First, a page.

Philanthropic strategists often work closely with families to help them establish, refine or refocus mutigenerational family foundations and donor-advised funds. Some of these families enjoy long histories of open communication across the generations – about money, values and charity. Many others, however, find these topics extremely difficult to broach.
Multigenerational family philanthropy creates a unique opportunity for every family to set a new table so that all adult and young adult family members are invited to sit, share, develop and act upon common values and goals around money and philanthropy.
Most philanthropic capital is no longer owned by the family. Instead, it has been irrevocably donated to a family foundation or donor-advised fund and no longer appears on the family’s balance sheet. Alternatively, this capital has been earmarked for charity and will soon be donated. Either way, philanthropically committed capital usually sits apart from the rest of a family’s assets.
This separate “pot” of money typically represents a relatively small percentage of a family’s overall wealth – money that can be deployed strategically to create opportunities for healing, growth and empowerment.
Start with good ground rules
The first step to setting a new family table and creating a “safe zone” is to jointly establish new ground rules. Ask each other, “How would you like all family members to show up at the new philanthropy table?” This is often the hardest step for members of the wealth-creating generation, who are accustomed to ruling the roost.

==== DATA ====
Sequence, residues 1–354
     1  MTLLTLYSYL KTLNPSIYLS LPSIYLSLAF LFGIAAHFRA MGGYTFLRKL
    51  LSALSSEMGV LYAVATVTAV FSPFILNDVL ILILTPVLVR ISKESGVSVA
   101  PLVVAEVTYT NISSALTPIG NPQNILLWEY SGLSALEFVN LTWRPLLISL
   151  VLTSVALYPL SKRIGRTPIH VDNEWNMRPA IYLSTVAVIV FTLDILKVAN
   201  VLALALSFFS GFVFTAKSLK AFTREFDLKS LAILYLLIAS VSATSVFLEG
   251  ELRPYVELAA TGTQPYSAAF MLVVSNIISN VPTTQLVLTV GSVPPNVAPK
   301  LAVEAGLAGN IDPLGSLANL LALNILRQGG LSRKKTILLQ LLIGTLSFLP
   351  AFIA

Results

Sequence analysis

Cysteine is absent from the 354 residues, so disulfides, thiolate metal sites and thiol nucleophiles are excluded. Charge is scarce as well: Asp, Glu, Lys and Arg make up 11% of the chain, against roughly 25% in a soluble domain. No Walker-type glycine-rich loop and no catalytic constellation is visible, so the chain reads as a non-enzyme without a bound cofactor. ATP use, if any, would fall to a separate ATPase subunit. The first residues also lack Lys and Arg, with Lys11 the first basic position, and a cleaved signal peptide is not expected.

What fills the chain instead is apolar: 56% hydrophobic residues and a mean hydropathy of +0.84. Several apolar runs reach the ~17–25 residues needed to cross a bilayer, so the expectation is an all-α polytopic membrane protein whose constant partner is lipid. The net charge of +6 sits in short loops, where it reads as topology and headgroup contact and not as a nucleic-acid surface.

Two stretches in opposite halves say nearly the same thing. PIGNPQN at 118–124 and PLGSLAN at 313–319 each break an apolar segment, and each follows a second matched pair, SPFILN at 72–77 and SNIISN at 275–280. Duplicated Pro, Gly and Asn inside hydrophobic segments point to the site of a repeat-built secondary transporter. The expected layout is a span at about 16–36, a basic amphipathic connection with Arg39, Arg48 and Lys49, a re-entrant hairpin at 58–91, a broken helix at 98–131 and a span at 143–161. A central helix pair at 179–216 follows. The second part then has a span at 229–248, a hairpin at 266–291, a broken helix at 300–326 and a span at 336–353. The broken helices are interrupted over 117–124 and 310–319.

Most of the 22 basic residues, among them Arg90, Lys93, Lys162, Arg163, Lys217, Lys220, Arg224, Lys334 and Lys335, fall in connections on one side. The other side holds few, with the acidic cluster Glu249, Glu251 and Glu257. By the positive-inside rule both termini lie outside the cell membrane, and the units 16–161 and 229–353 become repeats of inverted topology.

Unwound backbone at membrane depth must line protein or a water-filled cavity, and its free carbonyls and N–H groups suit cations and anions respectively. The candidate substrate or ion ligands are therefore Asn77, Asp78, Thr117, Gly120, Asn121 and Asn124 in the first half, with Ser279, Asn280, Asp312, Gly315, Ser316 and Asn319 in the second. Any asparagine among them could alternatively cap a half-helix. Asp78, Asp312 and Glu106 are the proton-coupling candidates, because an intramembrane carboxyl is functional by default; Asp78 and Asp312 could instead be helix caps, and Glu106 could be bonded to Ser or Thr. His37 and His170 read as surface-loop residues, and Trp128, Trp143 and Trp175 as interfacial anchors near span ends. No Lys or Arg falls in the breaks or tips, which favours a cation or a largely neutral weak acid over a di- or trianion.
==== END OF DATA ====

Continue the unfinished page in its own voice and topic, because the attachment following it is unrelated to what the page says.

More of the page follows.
But let us be clear. Rising-generation members will actively participate in a mutigenerational family endeavor like philanthropy only if they have meaningful, equivalent seats at the table.
Good ground rules emanate naturally from family members. They are not imposed by elders or outside facilitators.
Here are some examples of ground rules established by families with whom we’ve worked:
- All family members have an equal voice; all are encouraged to actively participate.
- Decisions won’t be made unilaterally; collective decision-making is the objective.
- No “eye rolls” or “sighs” permitted; rather, show respect for all points of view.
- No interrupting.
- Accept conflict and its resolution as a necessary catalyst for learning and change.
- Take risks, be “raggedy;” it is OK to make mistakes, learn and “fail forward.”
- Meetings will start and end as scheduled; come prepared.
- Cell phones are not allowed (except for emergencies).
- Express appreciation for people’s efforts.
- Hold ourselves and other participants accountable to these ground rules.
- Have fun!
Establish a common purpose
The next step is to determine a common purpose for the family‘s philanthropic endeavor. Ask each other, “What do you want to get out of this experience?” Each family member may answer this question differently. Some answers we’ve seen are to:
- Learn more about effective, strategic philanthropy;
- Learn more about each other, especially across the rising generations of geographically dispersed siblings and cousins, as well as their spouses;
- Establish new ways of communicating and supporting each other in the family;
- Help the family continue to thrive across the generations;
- “Pay it forward” out of gratitude for the family’s good fortune; and
- Make an impact in their communities, country or world.
Create a focused mission statement
Creation of a good mission statement is the next step in setting up a “safe zone” for family philanthropy. For more information on this topic, see my April 9 column, “Focused mission statements help donors decide where to direct their money.” Ask each other these questions:
- What is our focus?
- What do we want to preserve or change — specifically?
- Do we want to focus on a geographic area?
- Over what period of time will we give?
- Do we want to collaborate with other funders – or go it alone?
- How will we measure success?
Following these three steps to creating a “safe zone” makes it much more likely that the family’s philanthropic efforts will succeed. In addition, it makes it more probable that the family itself will thrive — by learning to better communicate, work together and support each other across generations, distances and time.